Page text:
I present this first hand account by my maternal grandfather, Private Albert Money (5537), of the King’s Royal Rifles. The cover photo was taken November 1917 after spending several hospitalised years in France, Britain, and Australia, recuperating from his wounds, hence the Australian, not British Army uniform.
Albert was born around 1885, a younger son of a Northamptonshire farming family in England. With no prospects of inheriting the farm, Albert joined the King’s Royal Rifles Corps around 1905 when he was still a boy of 16. Thus he became a professional peace-time soldier in a Regiment known for its overseas activities. The King’s Royal Rifles had been raised in the American colonies in 1756 as the 62nd (Royal American) Regiment. Their reason to exist was to defend the British colonies against French incursions.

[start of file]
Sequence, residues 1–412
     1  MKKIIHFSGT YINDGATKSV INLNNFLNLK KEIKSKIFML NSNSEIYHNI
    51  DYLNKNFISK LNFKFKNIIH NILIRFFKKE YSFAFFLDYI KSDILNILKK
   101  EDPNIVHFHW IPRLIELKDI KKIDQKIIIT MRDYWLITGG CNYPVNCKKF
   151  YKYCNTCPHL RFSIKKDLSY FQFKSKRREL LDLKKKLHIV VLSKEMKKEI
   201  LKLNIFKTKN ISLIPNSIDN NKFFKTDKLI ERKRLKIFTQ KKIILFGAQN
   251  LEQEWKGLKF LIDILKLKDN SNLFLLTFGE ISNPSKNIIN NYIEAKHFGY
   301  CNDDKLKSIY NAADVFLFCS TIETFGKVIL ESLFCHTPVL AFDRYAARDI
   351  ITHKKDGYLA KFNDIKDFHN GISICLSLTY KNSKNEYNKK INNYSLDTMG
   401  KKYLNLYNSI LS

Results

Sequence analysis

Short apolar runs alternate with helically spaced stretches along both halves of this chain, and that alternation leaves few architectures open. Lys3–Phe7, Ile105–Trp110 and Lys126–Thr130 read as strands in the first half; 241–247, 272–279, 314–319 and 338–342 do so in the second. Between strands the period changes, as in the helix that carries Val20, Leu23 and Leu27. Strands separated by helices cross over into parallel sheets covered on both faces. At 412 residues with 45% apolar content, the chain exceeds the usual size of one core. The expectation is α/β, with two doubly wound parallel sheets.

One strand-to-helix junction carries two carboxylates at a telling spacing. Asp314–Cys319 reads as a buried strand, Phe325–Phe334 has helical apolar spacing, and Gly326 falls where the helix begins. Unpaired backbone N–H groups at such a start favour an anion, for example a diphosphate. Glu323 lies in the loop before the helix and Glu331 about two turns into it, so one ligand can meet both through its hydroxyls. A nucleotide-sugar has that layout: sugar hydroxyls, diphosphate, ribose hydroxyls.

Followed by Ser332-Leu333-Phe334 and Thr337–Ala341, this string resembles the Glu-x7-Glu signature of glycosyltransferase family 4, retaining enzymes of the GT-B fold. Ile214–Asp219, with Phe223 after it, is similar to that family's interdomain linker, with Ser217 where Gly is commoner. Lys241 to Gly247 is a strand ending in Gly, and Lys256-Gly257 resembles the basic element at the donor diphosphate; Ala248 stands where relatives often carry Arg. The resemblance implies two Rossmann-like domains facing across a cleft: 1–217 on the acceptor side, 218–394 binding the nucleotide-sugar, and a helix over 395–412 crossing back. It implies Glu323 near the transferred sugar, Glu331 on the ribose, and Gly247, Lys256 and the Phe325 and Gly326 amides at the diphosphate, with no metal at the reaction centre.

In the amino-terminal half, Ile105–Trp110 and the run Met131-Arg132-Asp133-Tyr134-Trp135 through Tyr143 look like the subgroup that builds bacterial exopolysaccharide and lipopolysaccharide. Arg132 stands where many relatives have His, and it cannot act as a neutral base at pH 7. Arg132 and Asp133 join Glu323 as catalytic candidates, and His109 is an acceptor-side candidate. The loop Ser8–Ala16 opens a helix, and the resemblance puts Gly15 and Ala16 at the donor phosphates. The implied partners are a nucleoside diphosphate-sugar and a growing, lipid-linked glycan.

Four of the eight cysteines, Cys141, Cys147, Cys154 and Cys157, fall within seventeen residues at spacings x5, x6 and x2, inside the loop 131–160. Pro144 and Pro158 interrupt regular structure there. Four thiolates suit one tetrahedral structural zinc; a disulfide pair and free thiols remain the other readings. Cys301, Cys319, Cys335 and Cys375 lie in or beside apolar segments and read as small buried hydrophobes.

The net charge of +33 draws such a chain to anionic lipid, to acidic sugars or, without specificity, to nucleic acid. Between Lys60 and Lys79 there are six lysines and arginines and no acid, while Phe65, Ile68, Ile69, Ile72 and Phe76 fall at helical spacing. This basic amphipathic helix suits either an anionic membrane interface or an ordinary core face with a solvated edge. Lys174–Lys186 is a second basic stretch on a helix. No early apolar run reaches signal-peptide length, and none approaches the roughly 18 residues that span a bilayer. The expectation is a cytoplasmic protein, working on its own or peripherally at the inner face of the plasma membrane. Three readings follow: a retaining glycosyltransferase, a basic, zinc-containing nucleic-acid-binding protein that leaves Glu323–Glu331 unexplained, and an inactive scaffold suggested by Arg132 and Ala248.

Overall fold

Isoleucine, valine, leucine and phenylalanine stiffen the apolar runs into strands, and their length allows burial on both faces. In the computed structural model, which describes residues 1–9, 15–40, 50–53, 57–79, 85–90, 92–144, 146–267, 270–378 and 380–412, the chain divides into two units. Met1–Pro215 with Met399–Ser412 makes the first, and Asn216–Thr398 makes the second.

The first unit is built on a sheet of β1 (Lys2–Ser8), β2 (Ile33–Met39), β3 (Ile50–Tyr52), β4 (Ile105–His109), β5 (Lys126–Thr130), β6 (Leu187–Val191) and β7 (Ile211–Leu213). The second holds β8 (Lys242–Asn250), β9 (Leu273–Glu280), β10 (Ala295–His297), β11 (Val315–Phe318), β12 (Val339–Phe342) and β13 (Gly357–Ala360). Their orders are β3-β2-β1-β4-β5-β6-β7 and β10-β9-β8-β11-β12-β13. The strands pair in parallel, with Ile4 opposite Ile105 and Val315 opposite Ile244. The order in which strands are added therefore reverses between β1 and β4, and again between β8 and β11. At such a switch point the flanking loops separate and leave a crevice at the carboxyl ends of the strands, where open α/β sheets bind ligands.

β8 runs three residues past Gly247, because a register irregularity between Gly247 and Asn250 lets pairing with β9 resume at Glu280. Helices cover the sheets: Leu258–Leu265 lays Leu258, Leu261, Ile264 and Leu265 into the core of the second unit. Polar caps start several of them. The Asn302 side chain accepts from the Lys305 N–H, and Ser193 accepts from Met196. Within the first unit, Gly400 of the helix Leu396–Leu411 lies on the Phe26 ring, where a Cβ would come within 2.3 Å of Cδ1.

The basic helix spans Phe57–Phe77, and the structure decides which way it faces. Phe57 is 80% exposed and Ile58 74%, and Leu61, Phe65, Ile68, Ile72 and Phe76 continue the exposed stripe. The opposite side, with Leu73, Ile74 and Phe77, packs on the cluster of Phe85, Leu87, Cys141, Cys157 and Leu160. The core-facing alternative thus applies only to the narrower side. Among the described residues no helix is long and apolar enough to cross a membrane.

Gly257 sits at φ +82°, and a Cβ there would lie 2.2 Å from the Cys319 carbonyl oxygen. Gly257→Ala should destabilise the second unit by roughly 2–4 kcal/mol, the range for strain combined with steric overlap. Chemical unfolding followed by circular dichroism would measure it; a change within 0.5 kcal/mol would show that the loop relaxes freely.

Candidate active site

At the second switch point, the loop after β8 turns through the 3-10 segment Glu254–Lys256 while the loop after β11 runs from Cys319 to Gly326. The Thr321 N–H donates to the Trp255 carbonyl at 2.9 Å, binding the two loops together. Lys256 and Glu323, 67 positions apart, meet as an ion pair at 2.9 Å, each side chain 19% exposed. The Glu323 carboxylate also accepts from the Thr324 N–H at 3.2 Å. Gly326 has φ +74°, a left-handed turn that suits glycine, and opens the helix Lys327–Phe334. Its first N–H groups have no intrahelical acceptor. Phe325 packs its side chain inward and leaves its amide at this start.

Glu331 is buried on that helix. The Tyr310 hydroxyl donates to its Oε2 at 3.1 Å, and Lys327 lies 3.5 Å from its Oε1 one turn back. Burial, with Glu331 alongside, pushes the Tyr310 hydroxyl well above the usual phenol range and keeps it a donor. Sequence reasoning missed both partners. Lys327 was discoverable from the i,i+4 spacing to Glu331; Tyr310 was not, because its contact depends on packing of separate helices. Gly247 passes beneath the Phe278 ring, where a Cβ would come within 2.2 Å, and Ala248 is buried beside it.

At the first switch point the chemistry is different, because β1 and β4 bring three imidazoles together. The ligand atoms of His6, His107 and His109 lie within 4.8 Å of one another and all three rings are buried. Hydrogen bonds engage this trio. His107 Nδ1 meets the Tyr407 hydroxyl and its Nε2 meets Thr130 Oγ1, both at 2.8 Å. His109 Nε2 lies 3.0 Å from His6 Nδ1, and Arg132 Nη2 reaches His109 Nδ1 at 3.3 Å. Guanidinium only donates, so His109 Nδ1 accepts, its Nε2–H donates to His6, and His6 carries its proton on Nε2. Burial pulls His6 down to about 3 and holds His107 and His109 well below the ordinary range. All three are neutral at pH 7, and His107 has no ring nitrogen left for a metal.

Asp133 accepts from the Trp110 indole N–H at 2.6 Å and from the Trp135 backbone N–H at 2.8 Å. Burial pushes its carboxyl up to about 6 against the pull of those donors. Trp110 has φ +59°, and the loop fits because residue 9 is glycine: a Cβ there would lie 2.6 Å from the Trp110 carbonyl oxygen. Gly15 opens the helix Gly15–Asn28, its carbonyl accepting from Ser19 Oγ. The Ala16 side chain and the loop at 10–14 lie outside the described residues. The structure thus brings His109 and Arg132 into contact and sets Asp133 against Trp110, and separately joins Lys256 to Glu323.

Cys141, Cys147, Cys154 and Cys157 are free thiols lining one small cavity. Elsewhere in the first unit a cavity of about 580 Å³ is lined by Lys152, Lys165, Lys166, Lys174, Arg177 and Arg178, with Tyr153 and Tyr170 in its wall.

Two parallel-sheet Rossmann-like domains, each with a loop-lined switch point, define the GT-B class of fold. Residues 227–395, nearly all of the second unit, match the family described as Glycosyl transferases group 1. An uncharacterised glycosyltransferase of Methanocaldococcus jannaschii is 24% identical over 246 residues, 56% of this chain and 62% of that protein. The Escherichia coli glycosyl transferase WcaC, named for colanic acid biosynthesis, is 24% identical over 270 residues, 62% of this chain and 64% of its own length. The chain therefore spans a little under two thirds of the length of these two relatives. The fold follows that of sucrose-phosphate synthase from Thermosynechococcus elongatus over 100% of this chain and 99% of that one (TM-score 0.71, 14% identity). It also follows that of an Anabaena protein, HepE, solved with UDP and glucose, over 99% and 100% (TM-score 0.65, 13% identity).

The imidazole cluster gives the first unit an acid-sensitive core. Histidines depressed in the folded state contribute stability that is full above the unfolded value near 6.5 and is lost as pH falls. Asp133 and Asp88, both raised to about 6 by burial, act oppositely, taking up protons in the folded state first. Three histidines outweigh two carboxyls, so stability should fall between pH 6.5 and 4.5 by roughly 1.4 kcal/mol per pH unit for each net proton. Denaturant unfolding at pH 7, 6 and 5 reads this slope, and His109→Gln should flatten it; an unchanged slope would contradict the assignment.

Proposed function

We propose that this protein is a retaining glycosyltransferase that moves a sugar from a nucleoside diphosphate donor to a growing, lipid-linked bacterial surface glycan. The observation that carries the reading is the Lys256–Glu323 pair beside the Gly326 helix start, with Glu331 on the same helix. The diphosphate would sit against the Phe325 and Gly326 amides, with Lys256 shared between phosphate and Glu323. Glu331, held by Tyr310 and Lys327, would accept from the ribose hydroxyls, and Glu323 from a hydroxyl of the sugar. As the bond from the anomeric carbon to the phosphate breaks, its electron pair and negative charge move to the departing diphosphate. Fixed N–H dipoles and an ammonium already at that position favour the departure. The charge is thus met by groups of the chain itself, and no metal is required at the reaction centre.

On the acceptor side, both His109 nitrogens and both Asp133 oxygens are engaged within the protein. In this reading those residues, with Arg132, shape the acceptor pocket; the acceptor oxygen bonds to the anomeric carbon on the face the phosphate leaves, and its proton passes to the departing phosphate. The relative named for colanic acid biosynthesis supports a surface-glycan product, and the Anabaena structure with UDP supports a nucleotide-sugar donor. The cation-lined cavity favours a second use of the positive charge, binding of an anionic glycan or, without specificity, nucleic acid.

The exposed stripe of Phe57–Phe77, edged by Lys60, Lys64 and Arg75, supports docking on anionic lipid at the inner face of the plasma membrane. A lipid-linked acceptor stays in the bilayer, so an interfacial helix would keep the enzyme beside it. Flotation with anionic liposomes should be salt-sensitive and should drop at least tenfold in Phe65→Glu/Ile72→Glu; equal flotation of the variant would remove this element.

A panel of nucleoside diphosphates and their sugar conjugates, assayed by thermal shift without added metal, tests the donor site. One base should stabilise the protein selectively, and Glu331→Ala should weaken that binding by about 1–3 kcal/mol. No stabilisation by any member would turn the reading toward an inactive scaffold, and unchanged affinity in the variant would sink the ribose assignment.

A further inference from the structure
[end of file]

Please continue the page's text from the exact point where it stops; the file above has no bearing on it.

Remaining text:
Much of his five years service was in the Americas. It is said that he became a good swimmer while stationed in the West Indies, what would now be called the Caribbean. Albert left the Army around 1910 and emigrated to Australia, becoming a bridge carpenter in the employ of Queensland Rail at a time when new train lines were being built throughout the State.
When the First World War started in 1914, the British Army launched a recruitment drive. Experienced soldiers like Albert were encouraged to re-enlist. So he answered the patriotic call and returned to England, becoming Private Albert Money KRR once again. He was about 25. At this time, it is unlikely that he or his comrades had any real concept of the horrors that awaited.